In October, 1941, a conference was held at Tongue Point Depot, Astoria, Oregon, to instruct personnel from that area in the operations required of the various types of aids to navigation to effect the Blackout Plan. A blackout drill of all units under command of the Astoria Base was held on October 22, 1941. Each aid was visited and examined by the personnel assigned thereto to ascertain type of equipment, the correct way to make the aid inoperative and the tools and materials required. During the practice, only an examination was made and the operation of the aids was not stopped. This was the only test of its kind in the 13th Naval District prior to the outbreak of the war.
On 9 December, 1941, a blackout was effected in the entire District on instructions from the District Commandant. Three officers, together with a small staff of enlisted personnel, issued instructions to the various Commands from the Aids to Navigation Office. Orders for the blackout were received at 1400 and, by 2200, the blackout was completely effected. Tremendous obstacles were encountered, there having been no previous test of the Plan as set by the Board in September. Bridges throughout the District were blacked out, although no plan had incorporated such procedure and railroad officials as well as highway superintendents offered little cooperation. No word was received from the blacked areas as to the time their aids were extinguished nor was word received that they had been relighted following the blackout. This was due to the inability of telephone and radio facilities to handle such heavy traffic. No report was required concerning the results of the operation and a general blackout, other than tests in various areas, was every made in the District.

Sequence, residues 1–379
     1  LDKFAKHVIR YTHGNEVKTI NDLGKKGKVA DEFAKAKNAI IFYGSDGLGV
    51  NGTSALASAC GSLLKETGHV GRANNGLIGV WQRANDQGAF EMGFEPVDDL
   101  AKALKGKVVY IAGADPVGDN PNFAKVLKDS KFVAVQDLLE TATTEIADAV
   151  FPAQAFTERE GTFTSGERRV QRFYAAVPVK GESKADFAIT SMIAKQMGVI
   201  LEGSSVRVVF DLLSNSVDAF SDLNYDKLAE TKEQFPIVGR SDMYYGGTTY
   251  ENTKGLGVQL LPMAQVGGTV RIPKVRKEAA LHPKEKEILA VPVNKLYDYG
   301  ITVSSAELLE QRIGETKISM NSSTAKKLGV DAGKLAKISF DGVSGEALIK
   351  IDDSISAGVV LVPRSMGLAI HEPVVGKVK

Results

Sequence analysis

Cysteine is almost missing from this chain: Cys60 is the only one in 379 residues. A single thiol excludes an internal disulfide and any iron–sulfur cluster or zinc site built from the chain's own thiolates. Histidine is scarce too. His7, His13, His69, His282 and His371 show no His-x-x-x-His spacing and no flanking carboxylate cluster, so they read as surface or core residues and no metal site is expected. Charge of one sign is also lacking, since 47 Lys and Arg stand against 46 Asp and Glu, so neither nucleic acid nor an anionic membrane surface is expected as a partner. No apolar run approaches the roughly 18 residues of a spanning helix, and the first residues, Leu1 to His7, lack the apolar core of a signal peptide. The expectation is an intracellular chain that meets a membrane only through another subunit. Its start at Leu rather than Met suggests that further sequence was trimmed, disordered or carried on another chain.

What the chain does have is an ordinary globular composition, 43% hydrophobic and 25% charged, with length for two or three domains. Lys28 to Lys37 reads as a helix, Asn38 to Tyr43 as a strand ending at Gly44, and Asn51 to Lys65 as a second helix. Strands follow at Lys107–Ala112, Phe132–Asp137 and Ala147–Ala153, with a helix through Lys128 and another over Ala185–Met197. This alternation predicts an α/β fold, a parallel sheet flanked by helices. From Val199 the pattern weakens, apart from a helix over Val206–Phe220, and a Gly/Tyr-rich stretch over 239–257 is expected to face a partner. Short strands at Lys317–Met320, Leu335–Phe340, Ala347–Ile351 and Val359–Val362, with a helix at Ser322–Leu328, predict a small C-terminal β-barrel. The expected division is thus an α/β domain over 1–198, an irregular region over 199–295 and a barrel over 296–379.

The District Liaison Officer suggested a system for the control of coastal lighthouses as employed by the Canadian Navy to be initiated in a similar way for U. S. Lighthouses. The Canadian Plan consisted of a broadcast three times a day at regular hours to all lighthouse keepers along the Coast. The system was divided into lettered plans; i.e., Plan "A" meant to keep lights burning bright, "B", submarine scare and all lights must be extinguished, etc. The District Coast Guard Officer did not accept this recommendation as the District plan then in use provided for extinguishment or relighting of any or all lights on a few minutes advance notice. The District system had the following advantages:
(a) It provided more positive communication and means of checking receipt of instruction.
(b) It provided greater security and more flexibility of instruction.
(c) It did not depend on any outside agency.
Proposals for dimming coastal lights were di(s)approved because of the unlighted gaps between lights which would have existed when the lights were dimmed.
A test blackout was held in March, 1942, for all Lifeboat and Light Stations. As a result of this test, it was decided that Seattle Radio Station, Westport, would, in the future, broadcast a whistle blast preceding the instructions for blackout. Upon hearing the whistle over the air, all personnel standing radio watches were instructed to copy the message which followed and notify their Commanding Officers. Because of the possibility that telephone communications between Lifeboat and Light Stations might not be available at the time a blackout was ordered, all Light Stations which were radio-equipped were ordered to maintain a radio watch during the entire time the light was burning.
Revisions of the Blackout Plan^1 were made periodically to keep each section of the District cognizant of any changes in that particular area. After each revision, holders of Blackout Plans were ordered to destroy copies of previous Plans by burning. In 1945, a complete coverage of state railroad bridges, covering the area as far east as the Cascades, was completed and included in the Plan. It was advised by the Aids to Navigation Officer that similar blackout regulations be continues during peace time so that any confusion, in the event of a similar emergency, might be eliminated. It was further recommended that tests of the Plan be made occasionally be effecting a total blackout as there was no